Notification of Births . 65 

Stillbirths . 65 

Home Visitation . 67 

Sunshine Treatment . 67 

Manfield Orthopaedic Hospital . 67 

Welfare Centres . 68 

Midwives . 68 

Maternity Homes . 69 

Maternity Cases at General Hospital . 69 

Pre-natal Work . 69 

Doctors’ Bills .. . 71 

Dental Treatment . 71 

Free Milk . 71 

Dried Milk . 72 

Puerperal Fever . 72 

Puerperal Pyrexia . 72 

Maternal Deaths. 72 

Ophthalmia Neonatorum . 72 

Diarrhoea and Enteritis . 73 

Children Act, 1908 73 

Statistical Tables . 74 

III. —Statistical Tables 

General Tables . 78 

Vital Statistics (Table A) . 91 

Cases of Notifiable Diseases . (Table B) 

Causes of Death .... . (Table C) 

Infant Mortality. (Table D) 

Factories, Workshops, etc... (Table E) 





































5 


To the Mayor, Aldermen, and Councillors of the County Borough 

of Northampton . 


Mr Mayor, Ladies, and Gentlemen, 

I present herewith the Annual Report of the Medical Officer of 
Health for the year 1931, which for statistical purposes embraces a 
period of fifty-two weeks ending on 2nd January, 1932. The statistical 
year is fixed by the Registrar-General to ensure uniformity throughout 
the country. 

The report is on the same lines as its predecessors, but, not being a 
five-yearly survey report, is not quite so full as the one issued last year. 

No new matter of any outstanding interest has been introduced. 

There were two small outbreaks of smallpox during the year, which 
we were able to eradicate before they had the opportunity of spreading. 

It is satisfactory to be able to report a marked falling off in the 
incidence of diphtheria in the Town during 1931, a fall which con¬ 
tinues up to the present moment. 

I again acknowledge the wholehearted assistance and support I 
have received from all members of my Staff during the year, a support 
which has enabled the work in the Department to be carried on without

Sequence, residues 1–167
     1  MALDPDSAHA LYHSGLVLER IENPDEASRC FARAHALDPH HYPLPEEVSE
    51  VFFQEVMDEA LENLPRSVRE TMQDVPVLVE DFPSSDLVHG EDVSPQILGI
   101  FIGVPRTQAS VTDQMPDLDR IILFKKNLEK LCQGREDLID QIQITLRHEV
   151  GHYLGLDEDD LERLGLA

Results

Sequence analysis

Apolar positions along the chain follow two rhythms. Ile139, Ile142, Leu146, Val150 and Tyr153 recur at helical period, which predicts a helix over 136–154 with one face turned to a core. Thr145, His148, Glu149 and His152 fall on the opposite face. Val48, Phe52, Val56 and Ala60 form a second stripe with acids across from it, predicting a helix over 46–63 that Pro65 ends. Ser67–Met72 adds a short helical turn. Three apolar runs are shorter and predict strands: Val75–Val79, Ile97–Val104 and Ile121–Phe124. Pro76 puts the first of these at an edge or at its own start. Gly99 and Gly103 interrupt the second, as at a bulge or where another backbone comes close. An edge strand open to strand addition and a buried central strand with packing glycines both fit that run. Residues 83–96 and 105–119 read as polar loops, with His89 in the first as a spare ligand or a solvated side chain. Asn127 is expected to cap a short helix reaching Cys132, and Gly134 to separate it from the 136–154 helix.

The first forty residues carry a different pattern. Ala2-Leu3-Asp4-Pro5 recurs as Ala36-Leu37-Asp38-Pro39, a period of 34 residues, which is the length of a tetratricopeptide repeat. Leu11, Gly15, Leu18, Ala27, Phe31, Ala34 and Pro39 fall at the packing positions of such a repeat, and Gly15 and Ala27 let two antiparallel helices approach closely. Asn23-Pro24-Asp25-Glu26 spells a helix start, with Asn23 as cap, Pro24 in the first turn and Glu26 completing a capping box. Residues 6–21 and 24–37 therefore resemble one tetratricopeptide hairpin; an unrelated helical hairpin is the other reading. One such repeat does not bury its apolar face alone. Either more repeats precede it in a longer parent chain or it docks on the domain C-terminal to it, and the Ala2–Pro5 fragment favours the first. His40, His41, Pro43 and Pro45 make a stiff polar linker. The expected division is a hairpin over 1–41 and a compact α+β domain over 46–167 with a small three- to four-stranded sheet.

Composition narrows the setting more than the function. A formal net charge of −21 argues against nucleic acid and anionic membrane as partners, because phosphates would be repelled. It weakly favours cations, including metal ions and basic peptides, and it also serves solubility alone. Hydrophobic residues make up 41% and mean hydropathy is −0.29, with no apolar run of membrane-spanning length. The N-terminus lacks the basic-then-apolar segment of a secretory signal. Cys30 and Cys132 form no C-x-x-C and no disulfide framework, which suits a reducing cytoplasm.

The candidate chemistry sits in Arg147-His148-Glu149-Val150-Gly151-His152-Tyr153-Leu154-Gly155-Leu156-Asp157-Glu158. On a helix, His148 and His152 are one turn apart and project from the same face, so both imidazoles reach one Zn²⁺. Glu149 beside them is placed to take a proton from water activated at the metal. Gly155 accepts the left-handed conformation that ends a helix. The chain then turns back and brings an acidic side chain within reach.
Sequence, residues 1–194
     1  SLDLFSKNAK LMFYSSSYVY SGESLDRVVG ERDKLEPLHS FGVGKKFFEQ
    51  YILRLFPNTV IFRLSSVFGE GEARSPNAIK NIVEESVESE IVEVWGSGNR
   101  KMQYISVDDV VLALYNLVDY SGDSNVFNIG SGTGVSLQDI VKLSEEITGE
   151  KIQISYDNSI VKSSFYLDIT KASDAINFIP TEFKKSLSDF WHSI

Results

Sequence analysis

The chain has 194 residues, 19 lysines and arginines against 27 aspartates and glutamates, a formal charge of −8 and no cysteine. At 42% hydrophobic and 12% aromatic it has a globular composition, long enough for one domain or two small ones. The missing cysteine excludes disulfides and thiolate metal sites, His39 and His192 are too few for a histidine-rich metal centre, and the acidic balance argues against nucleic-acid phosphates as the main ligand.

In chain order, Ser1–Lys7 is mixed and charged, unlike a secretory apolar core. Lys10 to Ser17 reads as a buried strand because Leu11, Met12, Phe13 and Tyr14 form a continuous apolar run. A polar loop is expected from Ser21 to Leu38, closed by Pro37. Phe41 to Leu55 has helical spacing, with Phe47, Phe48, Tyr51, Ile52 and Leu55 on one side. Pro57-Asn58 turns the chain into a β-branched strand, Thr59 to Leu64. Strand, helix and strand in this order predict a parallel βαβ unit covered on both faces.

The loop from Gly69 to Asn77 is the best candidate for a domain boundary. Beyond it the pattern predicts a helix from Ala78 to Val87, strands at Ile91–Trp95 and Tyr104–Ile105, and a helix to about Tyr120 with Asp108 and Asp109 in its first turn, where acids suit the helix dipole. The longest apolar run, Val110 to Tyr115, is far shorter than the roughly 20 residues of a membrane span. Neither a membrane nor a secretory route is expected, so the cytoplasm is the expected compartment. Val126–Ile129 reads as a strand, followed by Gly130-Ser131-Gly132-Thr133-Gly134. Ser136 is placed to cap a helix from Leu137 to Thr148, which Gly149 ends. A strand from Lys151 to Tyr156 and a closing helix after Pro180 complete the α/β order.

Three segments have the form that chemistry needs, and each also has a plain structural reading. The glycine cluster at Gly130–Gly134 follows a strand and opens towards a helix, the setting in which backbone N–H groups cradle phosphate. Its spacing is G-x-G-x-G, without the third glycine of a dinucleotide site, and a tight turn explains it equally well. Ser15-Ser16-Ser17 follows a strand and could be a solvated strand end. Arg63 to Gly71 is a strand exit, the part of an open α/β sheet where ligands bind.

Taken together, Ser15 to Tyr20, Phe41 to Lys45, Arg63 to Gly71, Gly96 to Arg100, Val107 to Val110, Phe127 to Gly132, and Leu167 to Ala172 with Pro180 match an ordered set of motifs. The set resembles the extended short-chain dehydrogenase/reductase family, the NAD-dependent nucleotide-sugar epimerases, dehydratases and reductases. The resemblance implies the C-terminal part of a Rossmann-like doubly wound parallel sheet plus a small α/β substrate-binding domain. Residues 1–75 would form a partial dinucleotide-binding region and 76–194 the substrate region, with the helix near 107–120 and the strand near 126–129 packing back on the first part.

any friction and, as I hope, to the satisfaction and welfare of all con¬ 
cerned. 

I remain, Mr. Mayor, Ladies, and Gentlemen, 

Your obedient Servant, 



Public Health Department, 


Guildhall, Northampton, 
April, 1932. 


6 


PUBLIC HEALTH STAFF. 


Medical Officer of Health, School Medical 
Officer, and Chief Tuberculosis Officer 

Tuberculosis Officer 

Assistant Medical Officer for Maternity 
and Child Welfare 

Chief Sanitary Inspector and Rat Officer 

Sanitary Inspector and Inspector of 
Common Lodging Houses 

Meat and Food Inspector 

Sanitary Inspector and Inspector of 
Canal Boats 

Assistant Sanitary Inspectors 
Health Visitors 


Tuberculosis Nurse 
Matrons 


Clerks 


Removal and Disinfecting Staff 

Rat-catcher 


Stephen Rowland, 

M.D. Edin., D.P.H. Camb. 

. .Norman B. Laughton, 

M.B., Ch.B., D.P.H. 

Miss Evelyn F. Bebbington, 
M.B., Ch.B., D.P.H., 
M.R.C.S., L.R.C.P. 

. . W. J. Barker*! 

J. Walker*! 

.. J. Brown*! 

B. Knowles*! 

. .T. L. Boast*! 

S. A. Tench* 

. . Miss L. M. IslipJ || 

Miss M. E. MosseyJ ||§ 

Mrs. F. H. Smith! |j§ 

Miss F. M. V. Blythe Brown! 
Miss E. C. Agar! \\^ 

. . Miss L. Reese || 

. .Miss M. E. Norman||§ 

(.Harborough Road Infectious 
Diseases Hospital) 

Miss K. B. Stone 11§ 

(W el ford Road Tuberculosis 
Hospital) 

. .A. F. Knight (Chief Clerk) 

S. J. Knight (Tuberculosis 
Dispensary) 

H. T. Boswell 
Miss G. L. York (Infant 
Welfare Centre) 

G. B. Pratt 

. .C. H. Williams 
A. W. Blason 
R. G. A. Britten 

.. J. Malone 


All the above are whole-time Officers. School Medical Staff is not included. 

*Holds Inspector’s Certificate of the Royal Sanitary Institute. 
fHolds Certificate for Inspecting Meat and Other Foods. 

I Holds Certificate of the Central Midwives Board. 

||General Trained Nurse. 

§Fever Trained Nurse. 

^{Holds Health Visitor’s Certificate. 


7 


SUMMARY OF STATISTICS. 

Area of Borough (in acres) . 

Population :—- 

Census 1921 . 

Census 1931 (provisional figure) . 

Estimated at Mid-year 1931 j L 01 ra ^ 

J t b or Death-rate. 

Number of Inhabited Houses :—- 

Census 1921 . 

According to Rate Books (31st December, 1931) . 

Number of Families or Separate Occupiers (Census 1921) . . , 

Rateable Value (31st December, 1931) . 

Yield of One Penny Rate (31st December, 1931). 


3,469 


90,895 

92,314 

92,970 

92,740 

19,893 

23,950 

21,979 

£608,126 

£2,402 


Extracts from Vital Statistics for the Year 1931. 


TOTAL. M. 


f Legitimate .1,171 607 

Live Births < Illegitimate . 62 28 

[ Total.1,233 635 

f Legitimate . 39 17 

Stillbirths J Illegitimate . 4 2 

[ Total. 43 19